Powerful people make a place more powerful. During ethnographic work in Chennai, Tamil Nadu, we had the opportunity to interact with Mrs Gayathri Ramesh Kumar, who shared her experience and endeavours in the poultry industry.
As a housewife, Mrs Kumar took care of her children and the house while her husband worked for a poultry trader as a driver. But in the wake of her husband’s resignation and feeling her family’s livelihood at risk, she decided to venture into poultry retailing.
Mr Kumar wasn’t interested at first, she had no financial backing and her family did not support undertaking this kind of business. However, eventually Mrs Kumar convinced her husband she should use her jewellery as collateral. She got a jewel loan from the bank and the new chicken retail business launched in 2007 in their own neighbourhood.
At first, contacting traders and price bargaining for chicken was not difficult given her husband’s former job, and Mr Kumar managed the loading of the chickens from the traders. After five years, Mrs Kumar had gained knowledge of the poultry trade and developed a good customer base by selling quality chicken. Door-to-door delivery options made her more profitable.
During the start-up period, she sold less than 10kg of chicken but she was not disappointed. She kept herself motivated, tried to interest her regular customers, in her delivery service and gave out brochures. During the COVID–19 lockdown, when all shops were affected by opening-time restrictions, more than 300 customers asked for home chicken deliveries. She sold more than 500kg a day during the peak lockdown period. Since then, some of her customers are now buying chicken regularly and she offers them a credit facility.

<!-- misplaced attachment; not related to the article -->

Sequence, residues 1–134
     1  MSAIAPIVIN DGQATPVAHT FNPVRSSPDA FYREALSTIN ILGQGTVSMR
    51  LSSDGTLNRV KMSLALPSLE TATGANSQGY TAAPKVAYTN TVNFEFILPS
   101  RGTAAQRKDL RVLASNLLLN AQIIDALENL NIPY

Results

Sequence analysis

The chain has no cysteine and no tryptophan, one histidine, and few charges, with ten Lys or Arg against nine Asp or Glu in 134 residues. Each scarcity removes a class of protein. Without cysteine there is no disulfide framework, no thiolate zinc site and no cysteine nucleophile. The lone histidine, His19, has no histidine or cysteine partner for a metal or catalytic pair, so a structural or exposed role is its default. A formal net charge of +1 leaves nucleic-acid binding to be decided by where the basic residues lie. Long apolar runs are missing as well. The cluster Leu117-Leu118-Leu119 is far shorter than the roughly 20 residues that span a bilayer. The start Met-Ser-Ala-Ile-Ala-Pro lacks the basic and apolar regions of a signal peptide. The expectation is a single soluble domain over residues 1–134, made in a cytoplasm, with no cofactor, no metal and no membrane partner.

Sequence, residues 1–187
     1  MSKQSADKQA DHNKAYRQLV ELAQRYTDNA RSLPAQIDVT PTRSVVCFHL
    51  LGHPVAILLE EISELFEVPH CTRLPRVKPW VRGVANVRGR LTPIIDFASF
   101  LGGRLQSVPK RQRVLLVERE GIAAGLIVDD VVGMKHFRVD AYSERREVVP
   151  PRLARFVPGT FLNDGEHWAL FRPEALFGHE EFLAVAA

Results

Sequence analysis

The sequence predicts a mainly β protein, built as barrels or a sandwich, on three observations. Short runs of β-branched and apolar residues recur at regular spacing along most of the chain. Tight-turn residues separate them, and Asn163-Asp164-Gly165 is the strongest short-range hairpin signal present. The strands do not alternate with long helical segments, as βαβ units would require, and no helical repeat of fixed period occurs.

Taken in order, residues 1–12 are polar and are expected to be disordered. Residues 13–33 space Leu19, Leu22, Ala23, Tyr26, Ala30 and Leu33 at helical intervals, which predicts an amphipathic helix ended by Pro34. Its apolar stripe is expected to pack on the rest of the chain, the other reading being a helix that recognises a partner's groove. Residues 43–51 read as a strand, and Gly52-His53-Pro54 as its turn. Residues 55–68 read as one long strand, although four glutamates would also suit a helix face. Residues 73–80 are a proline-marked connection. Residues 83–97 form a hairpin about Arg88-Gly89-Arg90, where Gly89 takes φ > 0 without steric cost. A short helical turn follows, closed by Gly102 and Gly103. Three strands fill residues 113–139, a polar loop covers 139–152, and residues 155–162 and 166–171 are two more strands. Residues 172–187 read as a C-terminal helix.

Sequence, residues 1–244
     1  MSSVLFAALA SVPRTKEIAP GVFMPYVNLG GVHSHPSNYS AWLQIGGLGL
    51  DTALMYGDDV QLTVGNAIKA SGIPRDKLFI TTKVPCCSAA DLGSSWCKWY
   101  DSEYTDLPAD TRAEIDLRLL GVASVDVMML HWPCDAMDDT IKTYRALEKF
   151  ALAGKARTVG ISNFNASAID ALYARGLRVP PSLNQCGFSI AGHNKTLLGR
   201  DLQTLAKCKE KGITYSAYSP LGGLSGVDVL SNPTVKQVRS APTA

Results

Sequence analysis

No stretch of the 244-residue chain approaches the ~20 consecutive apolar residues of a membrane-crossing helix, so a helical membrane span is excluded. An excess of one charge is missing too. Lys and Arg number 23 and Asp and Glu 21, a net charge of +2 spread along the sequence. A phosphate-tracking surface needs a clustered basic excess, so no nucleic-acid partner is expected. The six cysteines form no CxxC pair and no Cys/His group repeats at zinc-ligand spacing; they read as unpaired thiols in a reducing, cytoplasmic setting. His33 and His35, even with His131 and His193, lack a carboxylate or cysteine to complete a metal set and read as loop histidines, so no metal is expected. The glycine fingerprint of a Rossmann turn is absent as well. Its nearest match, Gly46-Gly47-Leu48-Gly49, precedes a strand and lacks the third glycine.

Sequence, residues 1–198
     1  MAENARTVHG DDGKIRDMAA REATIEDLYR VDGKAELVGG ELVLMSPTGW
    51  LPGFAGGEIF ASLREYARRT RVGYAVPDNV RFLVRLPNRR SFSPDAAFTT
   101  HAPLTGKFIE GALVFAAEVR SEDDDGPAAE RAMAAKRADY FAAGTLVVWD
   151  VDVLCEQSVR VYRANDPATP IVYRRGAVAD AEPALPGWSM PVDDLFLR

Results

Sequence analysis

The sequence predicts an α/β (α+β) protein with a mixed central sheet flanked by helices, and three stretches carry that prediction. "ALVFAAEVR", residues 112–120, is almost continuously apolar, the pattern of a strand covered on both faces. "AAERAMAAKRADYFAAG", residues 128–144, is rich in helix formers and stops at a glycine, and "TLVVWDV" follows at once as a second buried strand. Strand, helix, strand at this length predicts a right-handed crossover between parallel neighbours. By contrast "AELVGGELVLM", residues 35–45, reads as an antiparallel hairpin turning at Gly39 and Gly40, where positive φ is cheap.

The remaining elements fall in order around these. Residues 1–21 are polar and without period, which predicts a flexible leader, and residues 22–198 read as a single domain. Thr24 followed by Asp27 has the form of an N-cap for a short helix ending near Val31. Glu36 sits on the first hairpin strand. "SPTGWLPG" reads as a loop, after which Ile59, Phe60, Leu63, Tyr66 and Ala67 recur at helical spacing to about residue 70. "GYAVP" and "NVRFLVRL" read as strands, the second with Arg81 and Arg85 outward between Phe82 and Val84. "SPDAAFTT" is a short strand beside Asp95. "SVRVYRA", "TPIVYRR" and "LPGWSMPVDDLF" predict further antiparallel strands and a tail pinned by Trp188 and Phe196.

Running a chicken retail business is considered a tough job and most often these businesses are run by men. But even during difficult times such as COVID-19, Mrs Kumar has been very involved in the business. This has added to the shop’s popularity and although the business is called SH Chicken Centre, it is popularly known as ‘Akka Kadai’ or ‘Sister’s shop’ in English.
Mrs Kumar was one of the research subjects interviewed during our ethnographic study for the One Health Poultry Hub. For this, many traders were interviewed in Chennai, the main hub of the broiler trade in south India. Our objective was to understand the roles and responsibilities of actors within the production and distribution network (PDN) of broilers, including traders. We wanted to understand how their business practices and other factors can have the potential to be associated with the transmission of zoonotic infections.
During our interaction with Mrs Kumar, we asked her about her shop’s biosecurity, hygiene, packaging and customer approach. Sadly, she knew little about these matters, so she was given contact details for advice and information on retail shop hygiene and maintenance, and directed to training opportunities.
It was in this way that Akka Kadai was one of the outlets invited to join the Hub’s capacity building programme. Mr Kumar participated in workshops and Mrs Kumar attended lectures online, via her husband’s mobile phone.
After completing the workshop, we visited Mrs Kumar’s shop to record her experience. We saw she had changed her chicken retail shop in a more hygienic way. In particular, she was regularly sanitising her slaughtering equipment and advising her shop staff to wear protective aprons. Moreover, she discouraged the butcher’s handling of cash and was promoting digital payment. She was paying attention to shop cleanliness (using disinfectant agents to clean the shop at least three times a day), waste and dead bird disposal, as well as staff personal hygiene. She explained that she had learnt some Do’s and Don’ts for chicken retail and said the programme was really helpful.
“This is our first certificate given by the college so we hung it in the shop entrance. Many of the customers ask as about the certificate…. Some of the nearby chicken retail shop owners voluntarily came to our shop and asked about the certificate and procedure to get the same,” she said.